This afternoon I had one of those happy accidents when my research on one project triangulated with research on another, seemingly unrelated project. While doing some last-minute research for my conference paper on weblogs in the composition classroom, I came across Carolyn R. Miller and Dawn Shepherd’s article, “Blogging as Social Action: A Genre Analysis of the Weblog,” from the Into the Blogosphere collection, in which they discuss the genre of blogging in terms of the blurring of the boundary between public and private.
In the article, Miller and Shepherd describe Bill Clinton’s presidency in terms of Clinton’s removal of “barriers between himself and the voting public,” as illustrated by his appearance on MTV where he answered the “boxers or briefs” question, but also by the exposure of his private life to the public eye through the Clinton-Lewinsky scandal. At the same time, Miller and Shepherd point to other examples of the weakening of the boundary between public and private such as webcams and reality TV, a trend they describe as “the democratization of celebrity.” Miller and Shepherd proceed to discuss this “democratization” in terms of what Clay Calvert refers to as “mediated voyeurism” (I actually find this concept problematic in that I’m not sure if voyeurism can be “unmedaited”), arguing that “although often associated with sexual gratification, voyeurism more generally strikes us as an unseemly interest in others as curiosities, not as moral equals.” Miller and Shepherd then discuss how this phenomenon of “mediated voyeurism” plays out in weblogs, many of which offer fairly explicit accounts of people’s private lives for public consumption. In this context, I’d guess that the Washingtonienne story broke after they published the article, but it’s perhaps the best illustration possible of this dynamic at work, especially when we take into account the rather stark denunciations of Cutler’s actions (or, more precisely, the amount of attention Jessica Cutler has received for her actions).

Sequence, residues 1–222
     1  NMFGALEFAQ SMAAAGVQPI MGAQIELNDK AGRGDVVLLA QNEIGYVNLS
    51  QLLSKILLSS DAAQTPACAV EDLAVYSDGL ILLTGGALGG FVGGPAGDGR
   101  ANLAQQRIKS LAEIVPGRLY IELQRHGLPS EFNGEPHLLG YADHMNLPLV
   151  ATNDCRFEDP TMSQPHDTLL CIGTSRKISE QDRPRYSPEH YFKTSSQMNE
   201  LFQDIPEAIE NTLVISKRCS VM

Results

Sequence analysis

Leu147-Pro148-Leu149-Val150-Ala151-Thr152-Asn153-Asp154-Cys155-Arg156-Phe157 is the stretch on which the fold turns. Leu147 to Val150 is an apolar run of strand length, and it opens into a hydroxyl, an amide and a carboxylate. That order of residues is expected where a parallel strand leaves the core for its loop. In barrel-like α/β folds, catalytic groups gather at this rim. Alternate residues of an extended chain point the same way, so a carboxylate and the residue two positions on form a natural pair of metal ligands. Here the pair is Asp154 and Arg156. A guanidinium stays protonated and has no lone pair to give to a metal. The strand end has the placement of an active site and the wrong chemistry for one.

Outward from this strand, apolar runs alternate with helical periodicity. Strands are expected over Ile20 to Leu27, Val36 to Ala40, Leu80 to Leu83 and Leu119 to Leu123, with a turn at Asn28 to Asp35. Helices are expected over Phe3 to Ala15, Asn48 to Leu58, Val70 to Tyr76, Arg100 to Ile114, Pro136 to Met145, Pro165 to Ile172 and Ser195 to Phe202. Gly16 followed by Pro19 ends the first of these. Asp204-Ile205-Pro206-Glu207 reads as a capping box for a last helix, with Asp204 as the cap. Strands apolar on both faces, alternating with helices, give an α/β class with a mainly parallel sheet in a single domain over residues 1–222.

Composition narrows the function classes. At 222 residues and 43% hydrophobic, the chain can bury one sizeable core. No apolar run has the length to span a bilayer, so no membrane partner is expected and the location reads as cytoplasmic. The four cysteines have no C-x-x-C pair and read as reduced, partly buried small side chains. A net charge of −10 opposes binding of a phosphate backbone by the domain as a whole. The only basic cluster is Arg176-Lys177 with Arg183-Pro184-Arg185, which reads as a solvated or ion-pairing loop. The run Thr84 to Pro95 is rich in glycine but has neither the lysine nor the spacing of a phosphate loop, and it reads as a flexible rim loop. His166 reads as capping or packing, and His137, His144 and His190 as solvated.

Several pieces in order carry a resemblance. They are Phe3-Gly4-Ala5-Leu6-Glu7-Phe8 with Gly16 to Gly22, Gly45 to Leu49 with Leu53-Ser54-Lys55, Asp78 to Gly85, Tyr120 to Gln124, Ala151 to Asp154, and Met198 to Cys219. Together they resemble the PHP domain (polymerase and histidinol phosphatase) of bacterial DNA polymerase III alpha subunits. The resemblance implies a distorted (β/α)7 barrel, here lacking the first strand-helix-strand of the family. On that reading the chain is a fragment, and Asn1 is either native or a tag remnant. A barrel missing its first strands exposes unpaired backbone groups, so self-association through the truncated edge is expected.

At the same time, they make a connection between voyeurism and our desire for truth or authenticity. Blogs became so poular so quickly in part because of a general skepticism, from both the right and the left, towards mainstream media, and many bloggers seem to offer an authenticity missing from commercial media. The best example here would probably be the popularity of Salam Pax, Riverbend, and other Iraqi bloggers who offer (or offered) a much more personal, and therefore more compelling, narrative of the war in Iraq. Of course, it’s important to note that their stories provide only the illusion of immediacy and are clearly mediated by the weblog genre.
I introduce their argument at length (and to be honest I haven’t yet finished reading their essay) because it brings into focus one of the central questions I want to address in my essay on Andrew Jarecki’s documentary film, Capturing the Friedmans. I think it’s pretty clear that Jarecki’s film participates in this “mediated voyeurism,” presenting the Friedmans as objects of curiosity, whether or not he tried to avoid this representation of the Friedman family. This “mediated voyeurism” is most obviously visible in the scenes that use home movies captured by the Friedman family, especially in the scenes in which David Friedman videotapes his family as they devolve into bitter arguments and divisions between family members.
One of Miller and Shepherd’s most important points, in this context, is their observation that this voyeurism isn’t really possible without willing objects, thus offering “media exhibitionism” as a complementary concept. Here they discuss the motivations for this exhibitionism, and in terms of Capturing the Friedmans, there’s certainly a lot to discuss here, especially given the degree to which most members of the Friedman family are conscious of themselves as performers, not only in terms of their carefully scripted family videos but also in terms of David’s career choice as a party clown. Of course, the Friedman family is also motivated by their desire to help Jesse in the fight to clear his name (at several points, even as a young adult, he discusses the possibility of going public with the case and trying it in the media).
For now, I’m hoping that I’ll be able to use this entry as a launching point for thining about the conference paper, but it also seems relevant that my research on blogs and my research on documentary film seem to be meeting at this intersection between the public and the private, as well as the intersection between truth and fiction. Meeting my parents for dinner in a few minutes, so I don’t have much more time to work on this entry, but again, I’m hoping to use this entry to frame some of the questions that I’ll be asking, especially in my Capturing the Friedmans paper.